• 10% of taxable income on assessment (excluding retirement fund lump sums and severance benefits). The amount of donations exceeding 10% of the taxable income is treated as a donation to qualifying public benefit organisations in the following tax year.
  • 5% is allowed in the payroll – the benefit calculated by applying a prescribed formula.

Subsistence Allowances and Advances

Where the recipient is obliged to spend at least one night away from his or her usual place of residence on business and the accommodation to which that allowance or advance relates is in the Republic of South Africa and the allowance or advance is granted to pay for—

  • Meals and incidental costs, an amount of R416 per day is deemed to have been expended
  • Incidental costs only, an amount of R128 for each day which falls within the period is deemed to have been expended.

Where the accommodation to which that allowance or advance relates is outside the Republic of South Africa, a specific amount per country is deemed to have been expended.

Details of these amounts are published on the SARS website under Legal & Policy / Secondary Legislation / Income Tax Notices / 2018.

Travelling allowance

Rates per kilometre, which may be used in determining the allowable deduction for business travel against an allowance or advance where actual costs are not claimed, are determined by using the following table:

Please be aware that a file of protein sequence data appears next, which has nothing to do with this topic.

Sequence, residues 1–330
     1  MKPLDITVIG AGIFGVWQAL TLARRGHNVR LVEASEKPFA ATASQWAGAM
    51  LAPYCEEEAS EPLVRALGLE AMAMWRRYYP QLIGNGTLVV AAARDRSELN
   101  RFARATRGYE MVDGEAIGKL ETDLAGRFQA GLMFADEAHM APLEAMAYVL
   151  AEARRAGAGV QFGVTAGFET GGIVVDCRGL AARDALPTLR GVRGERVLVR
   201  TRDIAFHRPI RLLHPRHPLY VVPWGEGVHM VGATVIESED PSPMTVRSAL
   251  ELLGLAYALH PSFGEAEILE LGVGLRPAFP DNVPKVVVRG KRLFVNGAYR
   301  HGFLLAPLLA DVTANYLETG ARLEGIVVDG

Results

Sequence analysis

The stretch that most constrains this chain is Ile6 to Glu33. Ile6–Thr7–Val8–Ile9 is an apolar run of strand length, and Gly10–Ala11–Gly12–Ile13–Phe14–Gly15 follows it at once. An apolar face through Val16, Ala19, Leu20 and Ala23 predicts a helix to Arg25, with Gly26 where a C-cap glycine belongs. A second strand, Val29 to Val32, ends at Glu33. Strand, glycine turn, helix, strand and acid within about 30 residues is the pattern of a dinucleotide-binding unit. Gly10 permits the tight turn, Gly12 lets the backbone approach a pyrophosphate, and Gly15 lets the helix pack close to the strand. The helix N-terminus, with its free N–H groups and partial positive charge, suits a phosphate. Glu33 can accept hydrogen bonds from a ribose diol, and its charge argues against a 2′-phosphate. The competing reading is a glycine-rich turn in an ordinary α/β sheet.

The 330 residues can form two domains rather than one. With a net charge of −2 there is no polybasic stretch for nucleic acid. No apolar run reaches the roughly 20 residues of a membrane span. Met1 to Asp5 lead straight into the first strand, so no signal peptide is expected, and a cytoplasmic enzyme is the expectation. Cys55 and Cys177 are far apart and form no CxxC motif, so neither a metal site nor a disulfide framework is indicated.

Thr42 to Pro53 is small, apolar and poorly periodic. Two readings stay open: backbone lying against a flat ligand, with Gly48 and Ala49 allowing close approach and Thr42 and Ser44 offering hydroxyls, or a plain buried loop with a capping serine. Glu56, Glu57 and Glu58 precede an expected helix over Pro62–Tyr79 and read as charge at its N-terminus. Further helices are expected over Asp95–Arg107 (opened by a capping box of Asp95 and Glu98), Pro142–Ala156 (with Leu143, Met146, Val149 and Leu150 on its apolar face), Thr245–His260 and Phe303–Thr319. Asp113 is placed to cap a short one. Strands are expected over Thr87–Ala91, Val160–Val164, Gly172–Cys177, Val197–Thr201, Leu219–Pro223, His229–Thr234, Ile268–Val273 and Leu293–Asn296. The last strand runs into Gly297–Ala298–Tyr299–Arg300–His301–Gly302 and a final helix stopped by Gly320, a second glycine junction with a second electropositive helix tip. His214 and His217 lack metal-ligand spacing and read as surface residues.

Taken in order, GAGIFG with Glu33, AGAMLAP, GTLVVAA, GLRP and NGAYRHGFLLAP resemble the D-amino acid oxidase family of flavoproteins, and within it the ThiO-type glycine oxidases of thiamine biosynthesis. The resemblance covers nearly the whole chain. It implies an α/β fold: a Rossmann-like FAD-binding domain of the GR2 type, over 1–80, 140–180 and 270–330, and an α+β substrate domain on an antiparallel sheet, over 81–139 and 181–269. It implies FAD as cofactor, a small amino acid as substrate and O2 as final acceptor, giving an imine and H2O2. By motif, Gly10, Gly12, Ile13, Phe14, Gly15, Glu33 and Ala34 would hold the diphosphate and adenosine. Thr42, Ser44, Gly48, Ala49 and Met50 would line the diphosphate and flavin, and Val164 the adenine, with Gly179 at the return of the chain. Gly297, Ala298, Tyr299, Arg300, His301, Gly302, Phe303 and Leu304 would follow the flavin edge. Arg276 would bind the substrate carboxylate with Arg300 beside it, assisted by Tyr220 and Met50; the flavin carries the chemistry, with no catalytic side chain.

Note:

  • 80% of the travelling allowance must be included in the employee’s remuneration for the purposes of calculating PAYE.
  • The percentage is reduced to 20% if the employer is satisfied that at least 80% of the use of the motor vehicle for the tax year will be for business purposes.
  • No fuel cost may be claimed if the employee has not borne the full cost of fuel used in the vehicle and no maintenance cost may be claimed if the employee has not borne the full cost of maintaining the vehicle (e.g. if the vehicle is covered by a maintenance plan).
  • The fixed cost must be reduced on a pro-rata basis if the vehicle is used for business purposes for less than a full year.

The actual distance travelled during a tax year and the distance travelled for business purposes substantiated by a log book are used to determine the costs which may be claimed against a travelling allowance.

AA Rate per kilometer